Using historical plant surveys to track biodiversity on mountain summits
2011 (English)In: Plant Ecology & Diversity, ISSN 1755-0874, Vol. 4, no 4, Special Issue, 415-425 p.Article in journal (Refereed) Published
Background: Botanical records have been collected from mountain summits worldwide since the sixteenth century. Such records are of particular interest following the end of the Little Ice Age, when alpine climate changed. Aims: To review the evolution of alpine summit flora research and define appropriate re-surveys for documenting floristic changes since the mid-nineteenth century. Methods: The history of botanical observations of mountain summits worldwide conducted between the mid-sixteenth and mid-twentieth century is outlined. Secondly, we review evidence for floristic change on mountain summits from studies made between 1980 and 2010. Thirdly, we examine the methods used in earlier summit surveys and suggest appropriate approaches for reconducting such surveys. Results: We found ca. 300 summit flora studies up to 200 years old that are potentially suitable for re-surveying; most of them are in the Alps. Recent studies showed an increase in species numbers and an upward range extension of some species from lower elevations. For re-surveying it is judged best to carry out data collection by individual surveyors for sound comparisons with earlier studies. Conclusions: Data collected in historical summit flora studies allow their exploitation for long-term observation provided contemporary methods are replicated and the detection rate is estimated in the re-surveys.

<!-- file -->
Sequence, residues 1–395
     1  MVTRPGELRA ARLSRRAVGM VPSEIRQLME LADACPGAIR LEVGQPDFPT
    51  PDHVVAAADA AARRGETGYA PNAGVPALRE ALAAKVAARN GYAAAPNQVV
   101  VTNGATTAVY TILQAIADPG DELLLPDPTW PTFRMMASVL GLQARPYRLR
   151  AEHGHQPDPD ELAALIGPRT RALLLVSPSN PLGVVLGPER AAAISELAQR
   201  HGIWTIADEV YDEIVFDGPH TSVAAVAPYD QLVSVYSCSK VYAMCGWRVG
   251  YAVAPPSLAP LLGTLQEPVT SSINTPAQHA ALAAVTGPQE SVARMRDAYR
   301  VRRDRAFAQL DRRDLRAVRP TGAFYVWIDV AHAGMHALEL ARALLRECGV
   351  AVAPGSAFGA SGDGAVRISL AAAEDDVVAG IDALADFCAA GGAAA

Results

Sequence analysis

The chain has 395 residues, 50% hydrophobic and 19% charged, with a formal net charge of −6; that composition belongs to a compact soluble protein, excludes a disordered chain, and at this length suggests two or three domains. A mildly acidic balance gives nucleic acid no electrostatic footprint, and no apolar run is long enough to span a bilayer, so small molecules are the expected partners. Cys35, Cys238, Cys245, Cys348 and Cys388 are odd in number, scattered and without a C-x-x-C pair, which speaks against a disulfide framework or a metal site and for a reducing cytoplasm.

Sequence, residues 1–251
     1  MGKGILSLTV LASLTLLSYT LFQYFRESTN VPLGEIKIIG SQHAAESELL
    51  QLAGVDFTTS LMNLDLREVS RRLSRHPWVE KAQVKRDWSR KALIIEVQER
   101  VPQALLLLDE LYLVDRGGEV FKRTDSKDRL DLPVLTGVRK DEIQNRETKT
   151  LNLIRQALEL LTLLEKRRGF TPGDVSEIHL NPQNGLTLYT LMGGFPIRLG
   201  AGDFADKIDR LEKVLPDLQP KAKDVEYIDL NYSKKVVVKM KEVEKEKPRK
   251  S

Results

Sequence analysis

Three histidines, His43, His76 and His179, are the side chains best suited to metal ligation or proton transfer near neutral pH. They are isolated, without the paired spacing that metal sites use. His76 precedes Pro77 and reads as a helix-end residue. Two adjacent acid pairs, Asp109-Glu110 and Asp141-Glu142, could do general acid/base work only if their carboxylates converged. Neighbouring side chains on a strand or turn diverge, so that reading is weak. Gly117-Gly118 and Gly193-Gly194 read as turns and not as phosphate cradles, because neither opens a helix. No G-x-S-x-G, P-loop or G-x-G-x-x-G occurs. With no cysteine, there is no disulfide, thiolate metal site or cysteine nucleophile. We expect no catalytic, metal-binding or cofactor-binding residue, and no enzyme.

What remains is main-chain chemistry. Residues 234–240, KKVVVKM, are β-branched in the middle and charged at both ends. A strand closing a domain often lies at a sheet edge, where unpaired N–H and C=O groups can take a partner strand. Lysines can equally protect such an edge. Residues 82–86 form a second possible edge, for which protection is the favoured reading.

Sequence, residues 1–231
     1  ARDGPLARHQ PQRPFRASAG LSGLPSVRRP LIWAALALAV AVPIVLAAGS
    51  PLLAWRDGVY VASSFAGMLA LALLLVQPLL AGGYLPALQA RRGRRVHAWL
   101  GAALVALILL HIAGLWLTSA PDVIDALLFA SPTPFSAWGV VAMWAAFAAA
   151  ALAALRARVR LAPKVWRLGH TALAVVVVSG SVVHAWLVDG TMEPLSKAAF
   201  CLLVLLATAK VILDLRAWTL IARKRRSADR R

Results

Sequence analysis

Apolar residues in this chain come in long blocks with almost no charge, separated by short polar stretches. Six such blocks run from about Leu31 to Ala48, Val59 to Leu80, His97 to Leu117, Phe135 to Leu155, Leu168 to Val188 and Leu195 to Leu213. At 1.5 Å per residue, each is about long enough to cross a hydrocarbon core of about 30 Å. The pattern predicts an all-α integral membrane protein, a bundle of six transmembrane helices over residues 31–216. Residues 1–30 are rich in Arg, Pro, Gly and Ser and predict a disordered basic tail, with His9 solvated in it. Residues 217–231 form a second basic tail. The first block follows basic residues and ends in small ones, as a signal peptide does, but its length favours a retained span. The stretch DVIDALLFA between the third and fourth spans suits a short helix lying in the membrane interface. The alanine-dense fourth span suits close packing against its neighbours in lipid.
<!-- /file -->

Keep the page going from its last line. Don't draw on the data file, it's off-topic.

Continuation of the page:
Place, publisher, year, edition, pages
Taylor & Francis, 2011. Vol. 4, no 4, Special Issue, 415-425 p.
alpine vegetation, change in species composition, climate change, detection rate, long-term monitoring, re-survey
IdentifiersURN: urn:nbn:se:umu:diva-104549DOI: 10.1080/17550874.2011.651504ISI: 000307641200012OAI: oai:DiVA.org:umu-104549DiVA: diva2:822384